Long before the Internet, nonprofits and global entities created “awareness days” to educate the public on important local and global issues. 

Fast forward to 2020 and these awareness days have morphed into hashtag commemorations. These unofficial holidays work well with social media, which uses hashtags, or labels, to easily group information with specific themes or content. They are a great tool for brands to reach their target audiences, while the public can connect and share with businesses and each other. 

You can find a hashtag holiday for just about any category:

  • Animals
  • Art & Entertainment
  • Cause
  • Culture
  • Food & Beverage
  • Health
  • Relationships
  • Religion
  • Seasonal
  • Special Interest

The sub-categories are endless. Some examples:

  • National Walking Day – (Health)
  • National Bloody Mary Day – (Food & Beverage > Cocktails, Liquor)
  • National Hat Day – (Arts & Entertainment > Fashion)
  • National Cuddle Up Day – (Relationships > Love, Romance)
  • National Squirrel Appreciation Day – (Animals > Pet, Wildlife)
  • National Oreo Cookie Day – (Special Interest > Brand)

With so many subjects to choose from, it’s easy to pair an observance with a topic you’re considering. Or, it may just prompt an entirely new idea!

So, for #WorldPhotoDay I’m including a few of my own favorite captures, taken with an iPhone. As I go through the camera roll I’ll keep an eye out for any random ideas that come to mind. 

If a picture is worth a thousand words, then there’s a wealth of material in front of us at any given moment. Some days we just have to look a little harder.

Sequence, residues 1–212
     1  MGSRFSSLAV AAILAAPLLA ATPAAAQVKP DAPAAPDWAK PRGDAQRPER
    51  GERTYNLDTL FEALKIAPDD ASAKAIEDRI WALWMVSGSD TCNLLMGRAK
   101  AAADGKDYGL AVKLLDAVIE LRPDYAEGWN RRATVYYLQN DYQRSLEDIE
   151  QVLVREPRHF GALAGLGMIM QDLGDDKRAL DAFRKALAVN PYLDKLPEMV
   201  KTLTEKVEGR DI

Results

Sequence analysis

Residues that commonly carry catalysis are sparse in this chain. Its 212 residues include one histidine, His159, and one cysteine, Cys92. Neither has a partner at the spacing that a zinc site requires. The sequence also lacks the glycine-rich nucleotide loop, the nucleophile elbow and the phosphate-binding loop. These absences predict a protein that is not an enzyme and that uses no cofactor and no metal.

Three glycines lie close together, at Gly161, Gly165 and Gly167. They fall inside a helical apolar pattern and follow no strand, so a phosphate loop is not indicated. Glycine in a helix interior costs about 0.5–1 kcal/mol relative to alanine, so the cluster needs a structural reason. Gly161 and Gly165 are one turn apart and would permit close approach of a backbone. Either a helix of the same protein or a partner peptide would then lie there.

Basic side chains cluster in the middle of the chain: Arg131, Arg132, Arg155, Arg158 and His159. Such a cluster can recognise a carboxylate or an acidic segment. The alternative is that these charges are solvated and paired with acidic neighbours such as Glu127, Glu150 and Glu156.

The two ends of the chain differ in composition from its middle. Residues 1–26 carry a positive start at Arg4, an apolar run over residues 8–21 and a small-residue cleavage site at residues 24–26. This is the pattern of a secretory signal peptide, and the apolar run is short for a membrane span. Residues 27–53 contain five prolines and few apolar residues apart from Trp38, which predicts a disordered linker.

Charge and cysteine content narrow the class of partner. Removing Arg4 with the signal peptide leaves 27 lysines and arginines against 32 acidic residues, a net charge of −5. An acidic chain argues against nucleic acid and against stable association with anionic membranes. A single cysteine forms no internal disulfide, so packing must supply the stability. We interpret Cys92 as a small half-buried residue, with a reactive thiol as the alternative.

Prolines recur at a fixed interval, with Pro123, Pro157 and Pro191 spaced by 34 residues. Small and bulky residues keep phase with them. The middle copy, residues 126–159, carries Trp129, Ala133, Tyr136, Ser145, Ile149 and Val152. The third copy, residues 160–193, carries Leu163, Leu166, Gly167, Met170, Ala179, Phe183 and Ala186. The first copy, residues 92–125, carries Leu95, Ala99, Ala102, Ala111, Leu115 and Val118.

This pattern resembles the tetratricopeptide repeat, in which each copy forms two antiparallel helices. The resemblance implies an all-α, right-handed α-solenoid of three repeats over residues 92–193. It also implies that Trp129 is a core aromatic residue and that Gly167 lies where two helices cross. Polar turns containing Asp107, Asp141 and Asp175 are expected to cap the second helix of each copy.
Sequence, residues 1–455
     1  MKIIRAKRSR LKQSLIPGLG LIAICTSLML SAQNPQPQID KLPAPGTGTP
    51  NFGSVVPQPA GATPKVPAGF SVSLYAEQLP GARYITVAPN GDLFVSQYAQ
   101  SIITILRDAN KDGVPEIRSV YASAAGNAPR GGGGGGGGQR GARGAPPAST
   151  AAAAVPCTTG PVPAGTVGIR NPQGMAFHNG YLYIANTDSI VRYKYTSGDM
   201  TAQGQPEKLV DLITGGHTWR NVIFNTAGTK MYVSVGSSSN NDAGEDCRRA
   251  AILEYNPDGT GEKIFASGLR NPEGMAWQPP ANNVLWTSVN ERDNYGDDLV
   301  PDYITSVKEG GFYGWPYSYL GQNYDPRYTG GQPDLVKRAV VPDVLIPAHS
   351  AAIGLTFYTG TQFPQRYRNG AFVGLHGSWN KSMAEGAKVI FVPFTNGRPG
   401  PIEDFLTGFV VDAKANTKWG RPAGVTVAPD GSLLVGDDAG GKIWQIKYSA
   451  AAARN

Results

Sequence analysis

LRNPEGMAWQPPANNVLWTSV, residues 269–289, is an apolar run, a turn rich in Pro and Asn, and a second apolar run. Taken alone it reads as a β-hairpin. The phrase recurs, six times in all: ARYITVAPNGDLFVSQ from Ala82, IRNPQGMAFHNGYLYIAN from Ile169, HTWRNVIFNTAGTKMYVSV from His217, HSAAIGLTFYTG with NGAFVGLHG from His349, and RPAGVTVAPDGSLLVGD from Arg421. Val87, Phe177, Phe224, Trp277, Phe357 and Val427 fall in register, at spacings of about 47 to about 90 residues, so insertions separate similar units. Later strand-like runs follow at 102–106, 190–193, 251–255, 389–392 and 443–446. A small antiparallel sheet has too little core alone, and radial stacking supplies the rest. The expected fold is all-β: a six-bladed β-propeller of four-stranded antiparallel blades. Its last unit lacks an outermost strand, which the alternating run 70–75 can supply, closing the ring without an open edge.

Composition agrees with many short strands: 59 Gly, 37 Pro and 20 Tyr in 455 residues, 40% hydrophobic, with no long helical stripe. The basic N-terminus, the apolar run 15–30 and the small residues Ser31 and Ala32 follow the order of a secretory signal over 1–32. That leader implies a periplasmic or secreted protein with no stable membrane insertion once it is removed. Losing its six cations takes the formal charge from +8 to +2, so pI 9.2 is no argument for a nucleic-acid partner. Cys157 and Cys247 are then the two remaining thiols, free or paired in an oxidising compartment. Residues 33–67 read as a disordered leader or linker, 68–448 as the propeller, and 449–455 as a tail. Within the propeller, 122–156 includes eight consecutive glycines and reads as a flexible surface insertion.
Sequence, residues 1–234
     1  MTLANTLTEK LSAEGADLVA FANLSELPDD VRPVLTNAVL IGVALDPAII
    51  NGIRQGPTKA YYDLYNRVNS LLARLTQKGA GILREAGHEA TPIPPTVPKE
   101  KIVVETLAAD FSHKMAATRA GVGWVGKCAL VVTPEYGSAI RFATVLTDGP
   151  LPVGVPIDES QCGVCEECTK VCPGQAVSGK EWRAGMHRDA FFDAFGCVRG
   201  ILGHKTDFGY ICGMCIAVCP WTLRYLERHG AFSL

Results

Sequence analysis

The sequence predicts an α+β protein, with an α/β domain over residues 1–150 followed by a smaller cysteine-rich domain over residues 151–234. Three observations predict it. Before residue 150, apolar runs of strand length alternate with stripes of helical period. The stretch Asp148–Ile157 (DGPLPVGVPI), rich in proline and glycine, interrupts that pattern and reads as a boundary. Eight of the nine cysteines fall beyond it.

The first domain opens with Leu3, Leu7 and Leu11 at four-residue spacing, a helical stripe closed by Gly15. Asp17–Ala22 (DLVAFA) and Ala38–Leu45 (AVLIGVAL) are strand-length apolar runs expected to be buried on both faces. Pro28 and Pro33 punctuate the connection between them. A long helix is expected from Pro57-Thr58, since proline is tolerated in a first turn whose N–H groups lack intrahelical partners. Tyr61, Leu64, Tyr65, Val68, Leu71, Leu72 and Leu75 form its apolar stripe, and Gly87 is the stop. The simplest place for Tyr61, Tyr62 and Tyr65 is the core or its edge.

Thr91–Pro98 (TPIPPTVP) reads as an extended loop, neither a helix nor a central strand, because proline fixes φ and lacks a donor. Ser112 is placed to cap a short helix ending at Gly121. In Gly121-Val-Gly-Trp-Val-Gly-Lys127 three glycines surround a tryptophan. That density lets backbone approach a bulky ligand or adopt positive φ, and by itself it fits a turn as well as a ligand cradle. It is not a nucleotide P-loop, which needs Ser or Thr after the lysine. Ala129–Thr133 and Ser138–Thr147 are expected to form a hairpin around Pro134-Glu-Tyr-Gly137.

• Close up headlight of antique car
  • Red autumn leaves scattered around the base of a tree
  • Landscape of red barn set against green background and blue sky
  • Rainbow over the ocean
  • Exploration Tower in Port Canaveral, with beautiful sunset in background.

Who is Your Kindness Role Model?

Inspiring Life.pngDear Grandma,

As an exercise in recognizing people who inspire kindness, I decided to write a letter to a role model and immediately thought of you.

Your 4 ft. 8 in. frame belied the giant that you truly were. For the 36 years that we spent together, your spirit of generosity and sacrifice never ceased to amaze me. 

As far back as I can remember, you were the happiest when giving to others. Whether it was financial assistance or help of some other kind, you were the first to step up and offer. Your Christian faith and love for God motivated your charitable nature.